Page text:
Rapidly rising food prices are hurting the very farmers and herders who are responsible for filling the massive gaps caused by the global food insecurity as a result of war. According to Oxfam, the cost of animal feed is up by 60 percent in the West Bank, which adds to the “existing burden” faced by herders, including “worsening violent attacks by Israeli settlers” and “forced displacement,” as in ethnic cleansing resulting from Israeli annexation policies.

While the PA should shoulder part of the blame for investing in its “security” apparatus at the expense of food security, Israel holds most of the keys to Palestinian survival.

Ramzy Baroud

Though it may bring partial relief, even a halt to the Russia-Ukraine war will not end Palestine’s food insecurity, as this issue is instigated and prolonged by specific Israeli policies. In the case of Gaza, the crisis is, in fact, fully manufactured by Israel with specific political designs in mind. The infamous comments by former Israeli government adviser, Dov Weisglass, in 2006, explaining Israel’s motives behind the siege on Gaza, remain the guiding principle of Israel’s attitude toward the Strip. “The idea is to put the Palestinians on a diet, but not to make them die of hunger,” he said.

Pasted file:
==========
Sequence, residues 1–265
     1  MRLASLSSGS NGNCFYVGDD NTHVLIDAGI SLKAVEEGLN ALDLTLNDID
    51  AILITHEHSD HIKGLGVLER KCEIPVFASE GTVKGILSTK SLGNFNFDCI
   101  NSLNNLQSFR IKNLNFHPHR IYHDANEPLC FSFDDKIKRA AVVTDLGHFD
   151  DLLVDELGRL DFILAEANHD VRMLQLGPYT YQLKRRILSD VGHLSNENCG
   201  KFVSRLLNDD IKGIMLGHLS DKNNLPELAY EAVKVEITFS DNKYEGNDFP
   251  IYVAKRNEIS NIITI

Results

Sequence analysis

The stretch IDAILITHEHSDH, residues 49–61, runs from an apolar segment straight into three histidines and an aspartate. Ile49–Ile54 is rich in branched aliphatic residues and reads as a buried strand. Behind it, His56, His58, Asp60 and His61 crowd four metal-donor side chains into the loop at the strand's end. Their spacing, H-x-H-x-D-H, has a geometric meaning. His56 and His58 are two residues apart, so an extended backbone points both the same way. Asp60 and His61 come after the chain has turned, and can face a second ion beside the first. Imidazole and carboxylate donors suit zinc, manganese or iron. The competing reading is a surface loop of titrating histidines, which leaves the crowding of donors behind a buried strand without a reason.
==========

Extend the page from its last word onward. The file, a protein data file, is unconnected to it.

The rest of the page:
Palestine needs immediate attention to stave off a major food crisis. Gaza’s pre-existing extreme poverty and high unemployment leaves it with no margin to accommodate any more calamities. However, anything done now can only be a short-term fix. A serious conversation involving Palestinians, Arab countries, the UN Food and Agriculture Organization and other parties must take place to discuss and resolve Palestine’s food insecurity. For Palestinians, this is the real existential threat.

  • Ramzy Baroud has been writing about the Middle East for more than 20 years. He is an internationally syndicated columnist, a media consultant, an author of several books, and the founder of Twitter: @RamzyBaroud